Columbus' Confusion About the New World

Smithsonian has several articles today about Christopher Columbus, one of which explains some of his actions by looking at the mindset of a self-educated person in the 15th century. The unfamiliar things he saw in the New World were filtered through the knowledge of ancient writers, religious authorities, and culture. For example, both Columbus and king and queen of Spain assumed they would take dominion over any lands he discovered, because they were civilized and Christian, which obviously gave them rank over those who weren't.
Columbus sailed from Palos de la Frontera on Friday, August 3, 1492, reached the Canary Islands six days later and stayed there for a month to finish outfitting his ships. He left on September 6, and five weeks later, in about the place he expected, he found the Indies. What else could it be but the Indies? There on the shore were the naked people. With hawk's bells and beads he made their acquaintance and found some of them wearing gold nose plugs. It all added up. He had found the Indies. And not only that. He had found a land over which he would have no difficulty in establishing Spanish dominion, for the people showed him an immediate veneration. He had been there only two days, coasting along the shores of the islands, when he was able to hear the natives crying in loud voices, "Come and see the men who have come from heaven; bring them food and drink." If Columbus thought he was able to translate the language in two days' time, it is not surprising that what he heard in it was what he wanted to hear or that what he saw was what he wanted to see—namely, the Indies, filled with people eager to submit to their new admiral and viceroy.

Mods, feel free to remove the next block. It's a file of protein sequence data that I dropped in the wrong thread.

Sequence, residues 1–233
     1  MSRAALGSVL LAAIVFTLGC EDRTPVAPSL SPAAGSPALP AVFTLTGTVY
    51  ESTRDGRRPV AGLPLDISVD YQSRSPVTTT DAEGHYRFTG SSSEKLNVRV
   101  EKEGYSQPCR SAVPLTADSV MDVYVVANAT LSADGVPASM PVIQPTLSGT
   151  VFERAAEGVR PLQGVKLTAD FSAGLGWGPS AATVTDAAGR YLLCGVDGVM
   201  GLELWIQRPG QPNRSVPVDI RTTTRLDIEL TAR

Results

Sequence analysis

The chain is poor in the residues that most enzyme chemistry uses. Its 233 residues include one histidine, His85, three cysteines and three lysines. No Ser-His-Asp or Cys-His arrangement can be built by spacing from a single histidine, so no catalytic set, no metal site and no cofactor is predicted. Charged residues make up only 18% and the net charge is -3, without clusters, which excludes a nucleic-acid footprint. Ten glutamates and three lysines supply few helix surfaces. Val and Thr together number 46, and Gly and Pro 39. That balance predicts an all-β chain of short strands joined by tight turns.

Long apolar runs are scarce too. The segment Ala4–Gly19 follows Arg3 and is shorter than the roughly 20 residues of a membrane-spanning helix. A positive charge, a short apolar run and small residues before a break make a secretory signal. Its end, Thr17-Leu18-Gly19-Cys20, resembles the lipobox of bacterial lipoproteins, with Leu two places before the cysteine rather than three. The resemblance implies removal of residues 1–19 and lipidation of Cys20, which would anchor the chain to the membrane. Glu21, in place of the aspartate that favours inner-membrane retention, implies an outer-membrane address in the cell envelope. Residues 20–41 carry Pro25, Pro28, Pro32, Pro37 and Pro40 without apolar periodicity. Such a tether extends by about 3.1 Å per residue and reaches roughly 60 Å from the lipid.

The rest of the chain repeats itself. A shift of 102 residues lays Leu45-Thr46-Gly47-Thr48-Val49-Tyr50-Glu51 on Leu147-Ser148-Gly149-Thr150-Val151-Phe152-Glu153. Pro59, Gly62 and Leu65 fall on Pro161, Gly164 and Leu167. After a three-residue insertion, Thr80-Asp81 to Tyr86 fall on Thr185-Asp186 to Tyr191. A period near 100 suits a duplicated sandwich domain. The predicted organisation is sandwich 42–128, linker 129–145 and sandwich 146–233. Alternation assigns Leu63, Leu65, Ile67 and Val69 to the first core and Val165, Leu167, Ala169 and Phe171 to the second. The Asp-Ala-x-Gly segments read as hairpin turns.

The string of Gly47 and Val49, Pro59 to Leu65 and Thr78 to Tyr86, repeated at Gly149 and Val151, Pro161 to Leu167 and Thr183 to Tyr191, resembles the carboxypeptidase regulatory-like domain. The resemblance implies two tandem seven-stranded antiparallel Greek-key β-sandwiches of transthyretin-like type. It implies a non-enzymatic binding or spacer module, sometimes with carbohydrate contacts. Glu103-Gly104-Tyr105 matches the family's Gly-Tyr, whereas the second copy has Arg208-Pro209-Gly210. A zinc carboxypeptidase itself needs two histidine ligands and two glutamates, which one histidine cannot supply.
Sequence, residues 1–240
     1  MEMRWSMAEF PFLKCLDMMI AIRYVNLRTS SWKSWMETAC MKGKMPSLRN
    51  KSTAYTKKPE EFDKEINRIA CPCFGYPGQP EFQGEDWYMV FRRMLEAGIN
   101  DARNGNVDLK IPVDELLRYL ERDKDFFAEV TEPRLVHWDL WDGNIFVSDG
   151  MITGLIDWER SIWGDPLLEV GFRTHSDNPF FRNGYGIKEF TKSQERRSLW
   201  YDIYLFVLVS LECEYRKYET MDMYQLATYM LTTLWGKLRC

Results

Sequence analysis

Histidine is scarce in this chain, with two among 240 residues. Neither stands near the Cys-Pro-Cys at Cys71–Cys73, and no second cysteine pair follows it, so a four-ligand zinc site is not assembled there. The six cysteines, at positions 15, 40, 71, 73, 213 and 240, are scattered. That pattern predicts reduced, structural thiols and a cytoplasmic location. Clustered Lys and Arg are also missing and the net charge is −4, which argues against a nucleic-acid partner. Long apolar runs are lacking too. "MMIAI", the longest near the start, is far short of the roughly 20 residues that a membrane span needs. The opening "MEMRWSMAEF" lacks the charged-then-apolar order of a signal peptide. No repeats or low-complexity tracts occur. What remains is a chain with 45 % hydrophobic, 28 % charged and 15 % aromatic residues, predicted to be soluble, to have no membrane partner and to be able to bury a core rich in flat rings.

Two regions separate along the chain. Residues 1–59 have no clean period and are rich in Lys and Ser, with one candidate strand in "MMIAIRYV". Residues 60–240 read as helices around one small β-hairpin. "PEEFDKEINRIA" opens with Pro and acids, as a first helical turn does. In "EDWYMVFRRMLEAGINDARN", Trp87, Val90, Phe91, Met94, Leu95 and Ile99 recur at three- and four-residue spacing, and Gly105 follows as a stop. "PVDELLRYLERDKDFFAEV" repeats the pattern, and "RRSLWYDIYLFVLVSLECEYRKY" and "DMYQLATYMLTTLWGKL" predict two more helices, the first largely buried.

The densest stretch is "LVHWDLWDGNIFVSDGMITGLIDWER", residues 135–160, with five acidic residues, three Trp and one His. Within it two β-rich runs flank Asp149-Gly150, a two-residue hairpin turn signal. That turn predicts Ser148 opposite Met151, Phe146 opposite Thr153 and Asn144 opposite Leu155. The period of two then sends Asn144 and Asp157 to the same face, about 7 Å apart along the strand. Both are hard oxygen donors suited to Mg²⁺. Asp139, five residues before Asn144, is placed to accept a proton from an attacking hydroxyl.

The process of "civilizing" the peaceful Arawak people of Hispaniola involved taking their gold and putting them to work finding more, until the population dropped from a conservative estimate of 100,000 to only 32,000. Read a lot more about Columbus' relationship with the New World in the article. Link

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A picture of Columbus? Let me guess: a piece about how human beings whose ancestors evolved in Europe are bad and everybody else is good. That wasn't predictable.
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There were lots of discussions about that issue in Spain during the end of the 15th century and the beginning of the 16th. It is not so simple.
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